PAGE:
Will Gore

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November 30, 2017
I can’t watch a Michael Haneke film film without being in a permanently nervous state. This is because I know that something utterly horrible might happen at any given moment. It’s all the fault of Hidden, the Austrian’s flawless 2015 film about a middle-class, intellectual Parisian family terrorised by an anonymous stalker who films their
November 02, 2017
Exorcism is in the news again. Last week, the US bishops’ conference released the first official English-language translation of the ritual textbook Exorcisms and Related Supplications. This comes after numerous reports that requests for exorcisms are on the rise. The growth in exorcism requests was described as “astonishing” in a recent report by a Christian think
October 26, 2017
Ever since The Exorcist, William Friedkin’s seminal adaptation of William Peter Blatty’s novel, demonic possession has been a rich subject for horror movie directors. Bucking the trend for fictional accounts of exorcism is Deliver Us, a documentary by Italian film-maker Federica di Giacomo. It is shot in Sicily and chronicles the work of Fr Cataldo
October 26, 2017
Although it comes towards the end of the international festival season, the London Film Festival continues to go from strength to strength. Among the films I enjoyed the most this year were Wrath of Silence, a Chinese gangster picture-cum-moody modern Western about a mute man searching for his missing son; and Journeyman, Paddy Considine’s thoughtful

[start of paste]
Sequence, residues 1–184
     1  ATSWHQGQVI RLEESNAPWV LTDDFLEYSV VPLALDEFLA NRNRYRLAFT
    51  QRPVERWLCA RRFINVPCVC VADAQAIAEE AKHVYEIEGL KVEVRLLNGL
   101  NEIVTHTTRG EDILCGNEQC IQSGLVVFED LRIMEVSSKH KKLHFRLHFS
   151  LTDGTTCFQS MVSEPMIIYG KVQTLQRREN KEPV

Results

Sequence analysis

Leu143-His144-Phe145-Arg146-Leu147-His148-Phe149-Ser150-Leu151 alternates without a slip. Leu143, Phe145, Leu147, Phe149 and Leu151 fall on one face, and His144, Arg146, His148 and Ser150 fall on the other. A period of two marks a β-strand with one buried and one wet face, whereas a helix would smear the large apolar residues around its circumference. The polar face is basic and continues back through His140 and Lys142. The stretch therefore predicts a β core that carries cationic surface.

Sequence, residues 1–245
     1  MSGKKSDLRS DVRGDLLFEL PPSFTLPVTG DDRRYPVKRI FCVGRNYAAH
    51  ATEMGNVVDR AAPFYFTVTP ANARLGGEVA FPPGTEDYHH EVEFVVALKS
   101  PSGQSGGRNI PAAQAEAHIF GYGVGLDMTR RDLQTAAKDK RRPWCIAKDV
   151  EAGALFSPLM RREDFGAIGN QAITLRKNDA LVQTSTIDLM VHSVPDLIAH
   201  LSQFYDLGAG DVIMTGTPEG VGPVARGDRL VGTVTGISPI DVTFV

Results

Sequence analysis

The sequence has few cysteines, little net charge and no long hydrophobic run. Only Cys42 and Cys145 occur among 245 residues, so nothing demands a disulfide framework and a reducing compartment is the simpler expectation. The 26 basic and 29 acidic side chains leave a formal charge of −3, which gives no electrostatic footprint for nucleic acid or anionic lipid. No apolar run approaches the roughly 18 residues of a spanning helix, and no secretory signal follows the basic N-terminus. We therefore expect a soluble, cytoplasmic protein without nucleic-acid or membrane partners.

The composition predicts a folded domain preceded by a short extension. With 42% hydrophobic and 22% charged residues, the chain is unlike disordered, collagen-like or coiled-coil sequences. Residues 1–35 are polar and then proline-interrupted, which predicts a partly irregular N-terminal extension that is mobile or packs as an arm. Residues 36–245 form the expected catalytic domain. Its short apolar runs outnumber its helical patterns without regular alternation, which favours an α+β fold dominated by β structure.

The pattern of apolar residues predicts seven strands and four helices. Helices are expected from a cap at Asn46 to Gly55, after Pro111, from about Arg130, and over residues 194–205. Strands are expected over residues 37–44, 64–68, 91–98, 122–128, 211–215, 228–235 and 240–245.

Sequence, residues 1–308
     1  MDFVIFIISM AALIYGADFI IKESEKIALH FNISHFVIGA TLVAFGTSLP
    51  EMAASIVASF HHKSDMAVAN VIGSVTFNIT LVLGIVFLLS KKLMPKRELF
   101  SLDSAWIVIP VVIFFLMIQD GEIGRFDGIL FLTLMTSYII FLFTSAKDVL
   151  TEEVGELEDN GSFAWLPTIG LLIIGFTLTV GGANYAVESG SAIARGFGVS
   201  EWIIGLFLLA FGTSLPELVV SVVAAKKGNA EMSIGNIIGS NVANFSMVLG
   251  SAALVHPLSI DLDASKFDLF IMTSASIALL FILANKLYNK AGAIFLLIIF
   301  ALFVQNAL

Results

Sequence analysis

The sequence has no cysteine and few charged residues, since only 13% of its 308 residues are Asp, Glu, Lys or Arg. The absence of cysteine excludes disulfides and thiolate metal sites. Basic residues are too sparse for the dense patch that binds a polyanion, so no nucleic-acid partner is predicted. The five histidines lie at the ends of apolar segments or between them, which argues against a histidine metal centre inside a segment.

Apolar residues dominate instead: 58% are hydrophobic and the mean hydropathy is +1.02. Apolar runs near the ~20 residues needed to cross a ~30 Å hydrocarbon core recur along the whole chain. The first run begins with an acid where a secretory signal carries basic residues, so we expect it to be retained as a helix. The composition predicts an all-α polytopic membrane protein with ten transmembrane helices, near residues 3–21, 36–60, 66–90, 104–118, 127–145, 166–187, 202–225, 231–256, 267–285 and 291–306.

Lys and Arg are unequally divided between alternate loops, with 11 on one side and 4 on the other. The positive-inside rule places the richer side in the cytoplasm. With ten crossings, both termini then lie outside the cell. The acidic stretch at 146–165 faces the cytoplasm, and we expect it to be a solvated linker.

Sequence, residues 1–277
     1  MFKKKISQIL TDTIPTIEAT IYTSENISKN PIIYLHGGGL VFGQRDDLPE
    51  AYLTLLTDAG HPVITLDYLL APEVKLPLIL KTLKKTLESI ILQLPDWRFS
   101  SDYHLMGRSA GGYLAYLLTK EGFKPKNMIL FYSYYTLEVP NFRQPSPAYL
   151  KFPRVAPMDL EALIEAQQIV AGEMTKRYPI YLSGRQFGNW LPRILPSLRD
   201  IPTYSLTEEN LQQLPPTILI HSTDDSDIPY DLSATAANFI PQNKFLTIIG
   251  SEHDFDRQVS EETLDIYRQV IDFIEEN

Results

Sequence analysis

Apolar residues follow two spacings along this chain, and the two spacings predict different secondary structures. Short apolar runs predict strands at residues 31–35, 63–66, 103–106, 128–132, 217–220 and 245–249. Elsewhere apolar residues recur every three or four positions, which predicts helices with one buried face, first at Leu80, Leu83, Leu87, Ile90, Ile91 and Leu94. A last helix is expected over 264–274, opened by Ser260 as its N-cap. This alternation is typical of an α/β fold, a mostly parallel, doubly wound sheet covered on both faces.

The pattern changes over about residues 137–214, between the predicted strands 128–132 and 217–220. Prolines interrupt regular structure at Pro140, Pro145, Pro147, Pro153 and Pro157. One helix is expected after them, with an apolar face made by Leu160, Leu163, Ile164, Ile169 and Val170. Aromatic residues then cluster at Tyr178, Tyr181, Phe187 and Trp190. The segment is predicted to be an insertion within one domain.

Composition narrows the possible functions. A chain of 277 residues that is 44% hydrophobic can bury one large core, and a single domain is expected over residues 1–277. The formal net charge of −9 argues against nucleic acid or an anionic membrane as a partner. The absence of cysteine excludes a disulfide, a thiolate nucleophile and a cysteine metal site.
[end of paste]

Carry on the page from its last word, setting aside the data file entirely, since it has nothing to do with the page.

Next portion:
October 19, 2017
The death of Joseph Stalin might not sound like a promising starting point for a rip-roaring comedy. Yet, in the hands of Armando Iannucci, the genius behind television shows such as Veep and The Day Today, the murderous dictator’s expiration provides perfect inspiration for a film that is hilarious, but with a deeply sinister undercurrent.
October 05, 2017
The Reagan Show (★★, cert PG) is an odd little documentary. Coming in at a spritely one hour and 15 minutes, it tells the story of Ronald Reagan’s presidency through a collage of archive clips, many of them culled from behind-the-scenes footage shot by the president’s team. Directors Pacho Velez and Sierra Pettengill choose not
September 28, 2017
This is Going to Hurt by Adam Kay, Picador, £16.99 My wife is a few months away from giving birth to our second child, so perhaps it wasn’t the best of times to be reading This is Going to Hurt, an account of Adam Kay’s six years working as a junior doctor. It’s a book,
September 28, 2017
The art of Jean-Michel Basquiat, who enjoyed a brief but blazing career in 1980s New York, is enjoying something of a moment. Earlier this year one of his paintings sold for £85 million and now he’s the subject of a first major British retrospective. Basquiat was a graffiti artist, untrained in any of the disciplines
August 03, 2017
Here’s a filmmaking conundrum for you. You want to make a movie about a legendary rock star, but you’re barred from using his music in your film. What do you do? Accept your idea is dead in the water or pretend everything’s going to be OK and go for it anyway? Writer and director Mark
July 14, 2017
An uncompromising new novel about corruption speaks loudly to a tense and divided America
July 13, 2017
The Force by Don Winslow, Harper Collins, £18.99 In The Power of the Dog and The Cartel, Don Winslow told the story of America’s war on drugs in exacting and devastating detail. Those books stand as impressive examples of journalistic fiction, with much of the material drawn directly from real life. It was with an
June 29, 2017
I will forever be slightly irritated by films that are set in a foreign country, but in which all the actors speak in English. I’m fully aware that the world has bigger issues to worry about, and that the avoidance of subtitles makes perfect commercial sense, but it annoys me all the same. So things